The Roots of the Iraq War

The whole history of Saddam Hussein in Iraq is one of terror, murder, and expansionist dreams. Saddam Hussein took power in 1979. He did not wait two years before he started a war with his powerful neighbor, Iran. This war lasted eight bloody years. Soon after the conclusion of the war (in 1991), barely a breathing space in the life of a war torn nation, he launched an invasion of Kuwait. His rapid defeat by allied forces hardly decreased his appetite for conflict. He waged a continuous war of nerves with the alliance, and committed violence on his own population, especially the Kurds in the north and the Shiites in the southern part of the country.

However, brutal dictators who like confrontation do not generally motivate democracies inclined to peace to go to war. The causus belli of the Iraq war was more profound, and at the time far more frightening. It was feared that Saddam Hussein's government was producing weapons of mass destruction (chemical, biological and/or nuclear). The CIA in the United States, along with most other intelligence services in the free world, believed that this was the case. When U.S. troops actually entered Iraq at the beginning of the war, they wore rubber suits fully expecting to be hit by at least chemical weapons, which Saddam had shown a willingness to use against the Kurds.

Sketch of Hans Blix

The United Nations imposed sanctions on Iraq for not complying with the terms of the armistice signed at the end of the Gulf War. Although the U.N. made repeated demands, Saddam would not let the inspectors, led by Hans Blix, do their work. Eventually, matters came to a head over this issue. Ironically, after the war no large cache of weapons was found. In this way, Saddam would be the cause of the deaths of many of his countrymen, lose power, and eventually lose his own life, all because he was not willing to allow inspectors to see that he actually did not have the weapons of mass destruction. As Murray and Scales so succinctly put it in their book, The Iraq War, "By providing such grudging and inadequate support for Hans Blix's U.N. weapons inspectors, Saddam signaled that he had something dangerous to hide."

Also going through the minds of many policy-makers from the U.S. as well as in Tony Blair's government in the U.K., was that even if Saddam Hussein did not have a weapons program now, he would acquire one as soon as the U.N. lifted sanctions. Sitting on top of the second biggest reserves of oil known to exist at the time, Saddam would have had plenty of revenue with which to swiftly advance any weapons program that he desired. He also had considerable technological backing from the French who had supported his nuclear program before the Gulf War.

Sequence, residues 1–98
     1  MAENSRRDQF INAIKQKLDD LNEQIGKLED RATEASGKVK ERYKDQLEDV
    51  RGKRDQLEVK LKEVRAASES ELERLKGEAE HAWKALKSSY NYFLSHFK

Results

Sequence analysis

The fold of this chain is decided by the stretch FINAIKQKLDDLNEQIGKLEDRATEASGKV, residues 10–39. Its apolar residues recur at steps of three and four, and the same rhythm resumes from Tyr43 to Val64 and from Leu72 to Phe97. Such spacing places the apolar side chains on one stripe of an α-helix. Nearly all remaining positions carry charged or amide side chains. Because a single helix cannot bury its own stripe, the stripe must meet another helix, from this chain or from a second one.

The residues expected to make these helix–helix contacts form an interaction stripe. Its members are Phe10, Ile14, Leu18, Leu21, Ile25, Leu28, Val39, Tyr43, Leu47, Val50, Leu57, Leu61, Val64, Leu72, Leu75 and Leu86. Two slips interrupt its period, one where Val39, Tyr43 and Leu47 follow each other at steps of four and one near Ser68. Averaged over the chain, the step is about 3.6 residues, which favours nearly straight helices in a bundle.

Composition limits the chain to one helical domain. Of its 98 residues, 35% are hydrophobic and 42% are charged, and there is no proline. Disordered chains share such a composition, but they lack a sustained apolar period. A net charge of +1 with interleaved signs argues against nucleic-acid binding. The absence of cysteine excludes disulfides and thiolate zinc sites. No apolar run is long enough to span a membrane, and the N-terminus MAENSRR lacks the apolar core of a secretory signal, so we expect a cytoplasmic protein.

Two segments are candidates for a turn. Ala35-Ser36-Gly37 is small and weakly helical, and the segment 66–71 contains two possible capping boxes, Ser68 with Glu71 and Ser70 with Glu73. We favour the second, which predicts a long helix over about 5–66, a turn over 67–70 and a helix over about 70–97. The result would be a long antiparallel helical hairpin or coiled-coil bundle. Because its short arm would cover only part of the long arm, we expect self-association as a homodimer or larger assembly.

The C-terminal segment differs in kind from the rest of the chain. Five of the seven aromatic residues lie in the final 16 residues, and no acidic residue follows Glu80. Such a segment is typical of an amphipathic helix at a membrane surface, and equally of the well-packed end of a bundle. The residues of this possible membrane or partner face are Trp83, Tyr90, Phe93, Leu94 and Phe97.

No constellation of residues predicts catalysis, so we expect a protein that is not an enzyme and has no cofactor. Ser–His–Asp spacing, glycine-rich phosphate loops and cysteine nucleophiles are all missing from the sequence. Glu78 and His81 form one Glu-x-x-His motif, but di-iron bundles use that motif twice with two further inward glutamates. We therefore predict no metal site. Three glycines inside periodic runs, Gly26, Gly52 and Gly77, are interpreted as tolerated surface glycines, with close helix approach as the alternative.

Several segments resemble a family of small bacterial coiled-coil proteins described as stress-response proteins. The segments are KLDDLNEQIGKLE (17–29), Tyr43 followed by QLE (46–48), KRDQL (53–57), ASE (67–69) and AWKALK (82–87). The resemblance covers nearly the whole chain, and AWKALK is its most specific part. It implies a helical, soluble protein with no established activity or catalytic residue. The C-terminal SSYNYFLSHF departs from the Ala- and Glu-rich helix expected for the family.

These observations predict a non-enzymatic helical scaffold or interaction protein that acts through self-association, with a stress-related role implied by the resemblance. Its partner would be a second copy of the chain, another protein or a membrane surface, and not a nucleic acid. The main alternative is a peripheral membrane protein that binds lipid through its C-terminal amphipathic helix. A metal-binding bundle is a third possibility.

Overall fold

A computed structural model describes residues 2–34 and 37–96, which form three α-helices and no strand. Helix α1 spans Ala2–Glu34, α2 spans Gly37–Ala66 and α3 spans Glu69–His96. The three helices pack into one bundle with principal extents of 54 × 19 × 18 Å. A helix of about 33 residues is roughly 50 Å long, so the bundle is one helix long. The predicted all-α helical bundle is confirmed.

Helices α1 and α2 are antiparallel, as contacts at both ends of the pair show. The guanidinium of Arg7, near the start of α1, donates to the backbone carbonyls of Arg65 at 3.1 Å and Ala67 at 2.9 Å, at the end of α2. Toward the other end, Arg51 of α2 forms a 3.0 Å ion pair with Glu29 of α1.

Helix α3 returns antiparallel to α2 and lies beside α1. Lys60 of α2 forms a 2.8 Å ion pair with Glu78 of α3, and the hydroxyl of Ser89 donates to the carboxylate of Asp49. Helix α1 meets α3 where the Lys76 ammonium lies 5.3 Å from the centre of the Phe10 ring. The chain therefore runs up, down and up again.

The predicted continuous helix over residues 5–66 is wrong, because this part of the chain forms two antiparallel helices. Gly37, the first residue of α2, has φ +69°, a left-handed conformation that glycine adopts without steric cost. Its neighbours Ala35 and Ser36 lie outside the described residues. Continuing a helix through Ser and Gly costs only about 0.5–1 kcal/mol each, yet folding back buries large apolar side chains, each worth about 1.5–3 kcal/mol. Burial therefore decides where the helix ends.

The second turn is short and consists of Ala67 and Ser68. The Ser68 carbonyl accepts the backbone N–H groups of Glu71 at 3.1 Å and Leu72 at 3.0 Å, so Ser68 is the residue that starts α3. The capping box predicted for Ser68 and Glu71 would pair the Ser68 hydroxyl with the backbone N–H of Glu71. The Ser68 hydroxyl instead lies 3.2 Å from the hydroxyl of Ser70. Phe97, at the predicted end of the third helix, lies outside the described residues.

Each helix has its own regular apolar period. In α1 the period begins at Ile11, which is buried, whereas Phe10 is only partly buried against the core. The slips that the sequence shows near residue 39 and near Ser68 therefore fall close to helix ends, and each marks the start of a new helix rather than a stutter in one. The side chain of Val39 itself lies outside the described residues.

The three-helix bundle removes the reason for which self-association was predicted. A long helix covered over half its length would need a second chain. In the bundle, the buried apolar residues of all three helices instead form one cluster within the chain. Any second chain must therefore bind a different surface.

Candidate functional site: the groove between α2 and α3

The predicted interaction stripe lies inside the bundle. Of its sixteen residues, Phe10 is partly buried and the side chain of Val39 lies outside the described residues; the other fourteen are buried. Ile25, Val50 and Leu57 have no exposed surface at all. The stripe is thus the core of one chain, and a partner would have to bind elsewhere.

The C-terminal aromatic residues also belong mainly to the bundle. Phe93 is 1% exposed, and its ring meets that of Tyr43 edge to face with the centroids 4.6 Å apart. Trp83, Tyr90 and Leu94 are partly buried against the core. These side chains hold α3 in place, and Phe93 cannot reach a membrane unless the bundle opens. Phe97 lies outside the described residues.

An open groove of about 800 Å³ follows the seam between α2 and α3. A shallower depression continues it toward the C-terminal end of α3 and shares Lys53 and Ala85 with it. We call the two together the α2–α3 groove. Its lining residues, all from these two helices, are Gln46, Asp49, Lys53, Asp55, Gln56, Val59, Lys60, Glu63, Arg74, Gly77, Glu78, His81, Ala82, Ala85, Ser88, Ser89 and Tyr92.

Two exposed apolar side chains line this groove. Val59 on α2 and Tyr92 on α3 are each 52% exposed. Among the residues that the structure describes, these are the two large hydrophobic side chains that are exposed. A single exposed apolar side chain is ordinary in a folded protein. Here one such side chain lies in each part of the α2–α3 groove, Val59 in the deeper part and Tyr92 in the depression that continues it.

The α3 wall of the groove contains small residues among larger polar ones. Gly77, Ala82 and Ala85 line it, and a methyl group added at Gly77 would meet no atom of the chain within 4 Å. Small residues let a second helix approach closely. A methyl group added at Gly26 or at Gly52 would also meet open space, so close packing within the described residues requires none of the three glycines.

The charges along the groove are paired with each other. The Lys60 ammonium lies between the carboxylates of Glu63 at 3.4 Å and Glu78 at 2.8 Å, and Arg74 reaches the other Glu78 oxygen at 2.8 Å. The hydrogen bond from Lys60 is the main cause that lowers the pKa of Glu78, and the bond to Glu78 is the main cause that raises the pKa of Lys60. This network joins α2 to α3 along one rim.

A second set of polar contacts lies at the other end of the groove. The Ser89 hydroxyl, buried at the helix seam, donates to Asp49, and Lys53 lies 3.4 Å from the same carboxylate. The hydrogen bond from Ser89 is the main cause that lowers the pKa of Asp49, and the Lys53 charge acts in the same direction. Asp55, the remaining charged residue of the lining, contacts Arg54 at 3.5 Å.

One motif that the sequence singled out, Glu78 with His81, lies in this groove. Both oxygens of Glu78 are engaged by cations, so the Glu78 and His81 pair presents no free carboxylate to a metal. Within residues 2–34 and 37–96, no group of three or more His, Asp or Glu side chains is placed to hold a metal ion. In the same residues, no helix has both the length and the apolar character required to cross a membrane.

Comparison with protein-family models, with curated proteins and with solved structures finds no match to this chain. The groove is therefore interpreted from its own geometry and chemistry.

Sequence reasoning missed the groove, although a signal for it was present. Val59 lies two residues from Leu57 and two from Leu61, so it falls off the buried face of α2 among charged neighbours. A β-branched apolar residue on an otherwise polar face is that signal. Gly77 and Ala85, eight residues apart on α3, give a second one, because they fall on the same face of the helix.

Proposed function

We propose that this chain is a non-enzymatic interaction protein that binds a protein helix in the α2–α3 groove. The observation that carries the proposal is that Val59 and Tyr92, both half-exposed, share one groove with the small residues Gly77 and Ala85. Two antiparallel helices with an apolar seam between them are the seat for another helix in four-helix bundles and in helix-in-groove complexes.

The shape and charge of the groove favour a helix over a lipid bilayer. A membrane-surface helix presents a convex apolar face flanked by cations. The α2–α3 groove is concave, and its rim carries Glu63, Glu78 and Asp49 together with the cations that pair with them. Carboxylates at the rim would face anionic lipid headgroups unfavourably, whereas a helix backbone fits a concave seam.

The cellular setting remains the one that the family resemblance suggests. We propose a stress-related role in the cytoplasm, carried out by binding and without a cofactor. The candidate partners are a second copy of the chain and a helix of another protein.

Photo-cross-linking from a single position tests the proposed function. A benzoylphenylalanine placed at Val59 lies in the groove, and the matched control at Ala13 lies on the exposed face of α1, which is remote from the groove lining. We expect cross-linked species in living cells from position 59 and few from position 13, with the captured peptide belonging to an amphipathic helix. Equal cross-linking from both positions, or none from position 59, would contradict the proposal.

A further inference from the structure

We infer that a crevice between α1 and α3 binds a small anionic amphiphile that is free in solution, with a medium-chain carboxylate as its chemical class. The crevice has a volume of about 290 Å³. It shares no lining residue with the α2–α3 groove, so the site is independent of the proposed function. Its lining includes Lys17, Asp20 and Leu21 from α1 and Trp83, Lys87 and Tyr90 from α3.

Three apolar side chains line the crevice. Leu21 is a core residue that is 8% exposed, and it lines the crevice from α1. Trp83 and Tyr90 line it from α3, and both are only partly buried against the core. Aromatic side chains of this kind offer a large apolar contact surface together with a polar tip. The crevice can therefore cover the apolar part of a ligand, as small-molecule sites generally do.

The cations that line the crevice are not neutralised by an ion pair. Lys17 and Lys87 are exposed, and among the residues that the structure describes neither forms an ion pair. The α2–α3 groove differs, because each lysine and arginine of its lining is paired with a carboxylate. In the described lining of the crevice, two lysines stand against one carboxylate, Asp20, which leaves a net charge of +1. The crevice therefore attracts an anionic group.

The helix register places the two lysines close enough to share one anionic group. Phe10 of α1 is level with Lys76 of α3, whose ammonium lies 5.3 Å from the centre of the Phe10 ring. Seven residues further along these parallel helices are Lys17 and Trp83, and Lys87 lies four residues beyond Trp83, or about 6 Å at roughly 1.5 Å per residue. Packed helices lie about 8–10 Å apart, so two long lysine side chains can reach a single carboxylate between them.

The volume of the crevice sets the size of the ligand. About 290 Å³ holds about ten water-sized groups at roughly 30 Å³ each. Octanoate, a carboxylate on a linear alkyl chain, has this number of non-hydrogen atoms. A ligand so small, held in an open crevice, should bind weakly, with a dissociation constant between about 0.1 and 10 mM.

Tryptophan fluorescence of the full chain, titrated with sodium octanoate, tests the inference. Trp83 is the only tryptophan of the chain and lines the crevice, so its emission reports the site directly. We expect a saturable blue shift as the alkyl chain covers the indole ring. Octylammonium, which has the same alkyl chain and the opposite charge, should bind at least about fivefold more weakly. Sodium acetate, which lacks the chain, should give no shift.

The fact that these weapons would be in the hands of a dictator was bad enough, but most thoughtful people in government believed that once Saddam developed weapons, it would only be a matter of time before he would willingly place them in the hands of terrorists for use against both Israel and the United States. Saddam was known to be a strong supporter of terrorist organizations and had even given rewards to the families of young men who "martyred" themselves as suicide bombers.

Perhaps the final cause for the United States entering the war was the fear within the Bush Administration that the reputation of the United States had suffered under the Clinton Administration, making it difficult for the United States to threaten to use military force. They may have believed that previous administrations had made such threats seem unbelievable by vacillation and the inability to follow through. In order for the United States to exercise its diplomatic muscle, it had to demonstrate its willingness to use military means when necessary. Part of Saddam's bravado in the face of U.N. demands, in fact, was probably because he estimated that the United States would not use its military force. He felt this had been demonstrated more than once, when George Herbert Walker Bush had not followed up the victory in Kuwait to take on the Iraqi army in Iraq during the Gulf War. There had also been an incident in Mogadishu where the U.S. planned to intervene, to bring peace to a war torn area. After taking a few casualties and having these casualties dragged through the streets, President Clinton had withdrawn from the city.

Thus whether he had them or not, Saddam's "weapons of mass destruction" brought on the Iraq War.

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